Business confidence is surging again and according to yesterday's Merrill Lynch fund managers survey, bulls of corporate profits outnumber bears for the first time in the survey's history. Short though that history might be, this is quite a finding. House prices are on the up - by as much as 10 per cent in some parts of the country. The luxury end of the market is said to be doing particularly well. Some commentators even sense the first green shoots of recovery in that perpetual laggard, Japan.
So is everything as rosy as the financial markets would have us believe? Not really. Obviously, things are not as black as they were back in October, when the markets and the global financial system were both looking decidedly sick. Alan Greenspan's decision to cut US interest rates and organise a bailout for Long-Term Capital Management succeeded in heading off the risk of global calamity.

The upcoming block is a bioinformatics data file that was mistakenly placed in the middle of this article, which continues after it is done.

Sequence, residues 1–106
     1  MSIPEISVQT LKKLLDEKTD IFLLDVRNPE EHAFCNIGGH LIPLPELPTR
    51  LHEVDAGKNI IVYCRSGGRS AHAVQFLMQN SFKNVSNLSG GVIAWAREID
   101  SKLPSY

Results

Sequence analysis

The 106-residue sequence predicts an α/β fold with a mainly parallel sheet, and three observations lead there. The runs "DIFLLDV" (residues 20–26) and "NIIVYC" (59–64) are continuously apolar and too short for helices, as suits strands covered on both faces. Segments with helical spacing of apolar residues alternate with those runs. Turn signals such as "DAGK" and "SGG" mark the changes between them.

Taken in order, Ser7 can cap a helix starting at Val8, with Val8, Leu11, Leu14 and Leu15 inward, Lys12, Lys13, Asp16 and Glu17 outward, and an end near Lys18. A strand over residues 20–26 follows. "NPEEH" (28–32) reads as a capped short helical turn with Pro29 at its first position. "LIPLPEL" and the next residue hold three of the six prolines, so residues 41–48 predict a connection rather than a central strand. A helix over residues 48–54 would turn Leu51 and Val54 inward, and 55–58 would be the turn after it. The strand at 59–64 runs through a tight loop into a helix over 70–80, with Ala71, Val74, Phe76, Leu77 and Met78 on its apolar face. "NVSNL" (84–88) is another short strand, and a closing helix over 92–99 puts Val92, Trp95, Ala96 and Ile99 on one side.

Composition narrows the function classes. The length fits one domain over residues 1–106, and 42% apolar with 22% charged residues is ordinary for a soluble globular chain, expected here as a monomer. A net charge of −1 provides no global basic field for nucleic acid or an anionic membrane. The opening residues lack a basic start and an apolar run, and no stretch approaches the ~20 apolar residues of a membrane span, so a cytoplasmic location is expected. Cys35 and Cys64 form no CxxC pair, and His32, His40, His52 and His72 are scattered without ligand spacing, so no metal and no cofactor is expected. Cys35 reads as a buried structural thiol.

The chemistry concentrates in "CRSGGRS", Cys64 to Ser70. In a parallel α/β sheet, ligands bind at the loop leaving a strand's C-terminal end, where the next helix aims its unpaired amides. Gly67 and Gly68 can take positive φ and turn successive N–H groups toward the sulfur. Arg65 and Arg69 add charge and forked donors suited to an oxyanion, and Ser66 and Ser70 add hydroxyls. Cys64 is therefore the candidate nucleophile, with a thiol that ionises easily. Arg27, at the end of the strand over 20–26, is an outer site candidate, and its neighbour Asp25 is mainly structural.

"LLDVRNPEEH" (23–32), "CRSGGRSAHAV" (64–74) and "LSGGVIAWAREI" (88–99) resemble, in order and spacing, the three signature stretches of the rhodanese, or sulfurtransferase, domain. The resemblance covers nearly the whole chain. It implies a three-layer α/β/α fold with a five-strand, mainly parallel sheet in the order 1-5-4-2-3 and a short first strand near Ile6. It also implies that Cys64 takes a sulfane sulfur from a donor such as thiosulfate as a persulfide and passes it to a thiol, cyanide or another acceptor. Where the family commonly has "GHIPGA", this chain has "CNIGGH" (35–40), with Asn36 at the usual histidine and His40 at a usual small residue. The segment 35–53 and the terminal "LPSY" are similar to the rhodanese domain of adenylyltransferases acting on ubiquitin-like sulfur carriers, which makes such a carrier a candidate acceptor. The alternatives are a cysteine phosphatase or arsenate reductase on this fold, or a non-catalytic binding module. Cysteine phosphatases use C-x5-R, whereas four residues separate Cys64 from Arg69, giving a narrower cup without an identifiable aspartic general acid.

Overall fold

On the other hand, it did nothing to address the deep structural problems that exist in many of the world's economies - exceptionally high levels of corporate indebtedness, an appaling lack of information about the ins and outs of banking systems, and inflexible labour markets, to name just a few.
There are signs that many of these difficulties are slowly being dealt with, but they will take years - not months - to resolve.
All this suggests that the markets' enthusiasm is a little misplaced, and that policy makers need to keep alert - surging business and consumer confidence can easily turn into inflationary pressure. History suggests there is a real danger this could happen.
Back in 1987, the US Fed cut interest rates in order to stave off perceived financial disaster, and was then forced to apply the brakes to quell the subsequent consumer boom. Policy makers are determined not to repeat those mistakes this time round. In most of the world's major economies, the next move in interest rates is therefore likely to be up. Enjoy the current mood of economic optimism while it lasts. It may not be very long.